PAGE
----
General Research on Cross-Border Migrations Related to Conflicts in the Middle East

Grant-in-Aid for Scientific Research (B) 16H03307 (2012-2014)

Summary

This study, with regard to the cross-border movements being witnessed resulting from conflicts in Syria and Iraq, intends to elucidate how “immigrants and refugees” who travel around and “infiltrators” who try to join Islamic extremists or like form their political perception, what sort of motivations and situation assessments they have based on which they travel around, and how they determine their final destinations and transit points. For attaining this purpose, the true answers to these questions will be pursued by particularly focusing on the attributes (age, sex, hometown, economic strata, etc.) of social groups that the immigrants/refugees and infiltrators belong to. The analyses are to be done including with both of those immigrants/refugees flowing out of an area of conflict and those flowing into it. With such analyses, the types of factors that determine the direction they head in, the relationships between the behaviors of conflicts and the movement of people, the impacts on the international community made by regional conflicts and other matters are going to be revealed in a comprehensive manner.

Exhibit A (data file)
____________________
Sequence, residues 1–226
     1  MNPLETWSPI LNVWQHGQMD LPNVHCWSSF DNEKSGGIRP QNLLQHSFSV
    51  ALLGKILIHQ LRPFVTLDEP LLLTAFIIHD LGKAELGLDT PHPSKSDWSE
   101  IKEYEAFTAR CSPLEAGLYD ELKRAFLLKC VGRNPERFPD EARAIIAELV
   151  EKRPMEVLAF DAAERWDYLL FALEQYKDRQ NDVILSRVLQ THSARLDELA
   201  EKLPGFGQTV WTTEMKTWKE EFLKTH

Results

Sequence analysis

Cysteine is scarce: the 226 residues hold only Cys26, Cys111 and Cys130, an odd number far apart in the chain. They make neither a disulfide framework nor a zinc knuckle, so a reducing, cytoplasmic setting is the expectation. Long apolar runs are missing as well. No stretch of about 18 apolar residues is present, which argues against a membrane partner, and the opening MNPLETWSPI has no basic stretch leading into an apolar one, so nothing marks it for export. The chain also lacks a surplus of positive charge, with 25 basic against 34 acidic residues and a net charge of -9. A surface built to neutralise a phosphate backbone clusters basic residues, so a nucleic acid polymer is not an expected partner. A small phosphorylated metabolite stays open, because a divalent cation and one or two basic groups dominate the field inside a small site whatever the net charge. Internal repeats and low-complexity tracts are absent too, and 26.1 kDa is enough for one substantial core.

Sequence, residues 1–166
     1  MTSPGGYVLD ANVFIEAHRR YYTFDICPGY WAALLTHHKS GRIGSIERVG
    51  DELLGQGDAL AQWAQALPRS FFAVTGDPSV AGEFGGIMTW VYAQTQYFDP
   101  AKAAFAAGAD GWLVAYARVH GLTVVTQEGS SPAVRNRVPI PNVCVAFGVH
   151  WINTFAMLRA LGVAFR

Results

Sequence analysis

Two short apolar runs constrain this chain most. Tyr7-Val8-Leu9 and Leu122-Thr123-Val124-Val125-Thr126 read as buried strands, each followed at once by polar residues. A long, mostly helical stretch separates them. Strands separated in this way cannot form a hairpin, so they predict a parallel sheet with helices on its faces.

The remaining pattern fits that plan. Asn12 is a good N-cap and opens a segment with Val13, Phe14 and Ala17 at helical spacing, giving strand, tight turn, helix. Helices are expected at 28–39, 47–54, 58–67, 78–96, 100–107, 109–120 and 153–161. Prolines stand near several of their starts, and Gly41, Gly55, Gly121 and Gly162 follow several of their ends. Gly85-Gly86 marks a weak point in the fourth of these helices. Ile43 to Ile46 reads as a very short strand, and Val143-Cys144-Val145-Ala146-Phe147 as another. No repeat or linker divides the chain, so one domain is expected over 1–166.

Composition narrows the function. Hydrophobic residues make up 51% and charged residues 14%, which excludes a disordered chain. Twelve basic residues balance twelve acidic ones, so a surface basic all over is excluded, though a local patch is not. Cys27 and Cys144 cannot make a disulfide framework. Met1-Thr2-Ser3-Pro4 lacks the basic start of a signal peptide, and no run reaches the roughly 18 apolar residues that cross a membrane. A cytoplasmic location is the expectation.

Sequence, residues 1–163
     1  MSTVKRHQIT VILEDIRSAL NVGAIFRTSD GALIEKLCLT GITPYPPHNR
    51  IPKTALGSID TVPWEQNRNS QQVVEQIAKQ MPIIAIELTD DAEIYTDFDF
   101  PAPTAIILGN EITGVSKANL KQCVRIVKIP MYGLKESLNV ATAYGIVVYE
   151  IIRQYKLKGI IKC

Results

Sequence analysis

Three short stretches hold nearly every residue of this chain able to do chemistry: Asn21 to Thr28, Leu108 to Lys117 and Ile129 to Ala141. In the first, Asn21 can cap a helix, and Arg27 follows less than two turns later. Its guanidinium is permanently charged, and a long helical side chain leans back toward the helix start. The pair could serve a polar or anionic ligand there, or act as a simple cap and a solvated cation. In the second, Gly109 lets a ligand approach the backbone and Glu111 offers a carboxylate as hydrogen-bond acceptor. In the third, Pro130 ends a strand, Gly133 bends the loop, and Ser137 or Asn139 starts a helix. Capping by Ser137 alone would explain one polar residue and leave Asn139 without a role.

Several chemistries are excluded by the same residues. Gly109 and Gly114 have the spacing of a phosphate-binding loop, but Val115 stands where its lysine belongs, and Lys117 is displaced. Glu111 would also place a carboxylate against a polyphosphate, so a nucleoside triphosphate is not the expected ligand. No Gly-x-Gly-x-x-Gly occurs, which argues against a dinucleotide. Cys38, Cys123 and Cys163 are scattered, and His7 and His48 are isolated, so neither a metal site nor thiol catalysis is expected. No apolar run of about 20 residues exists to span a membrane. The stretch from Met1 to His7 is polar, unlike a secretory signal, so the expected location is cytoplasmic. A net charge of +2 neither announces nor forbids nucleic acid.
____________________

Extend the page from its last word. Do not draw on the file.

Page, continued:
Members

Principal Investigator

  • Yutaka TAKAOKA (Chief Research Fellow, Middle East Institute of Japan)

Co-Investigators

  • Shingo HAMANAKA (Professor, Faculty of Law, Ryukoku University)
  • Dai YAMAO (Associate Professor, Faculty of Social and Cultural Studies, Kyushu University)
  • Kohei IMAI (Researcher, Area Studies Center, Institute of Developing Economic–JETRO)

Outcomes

Updated in April 2016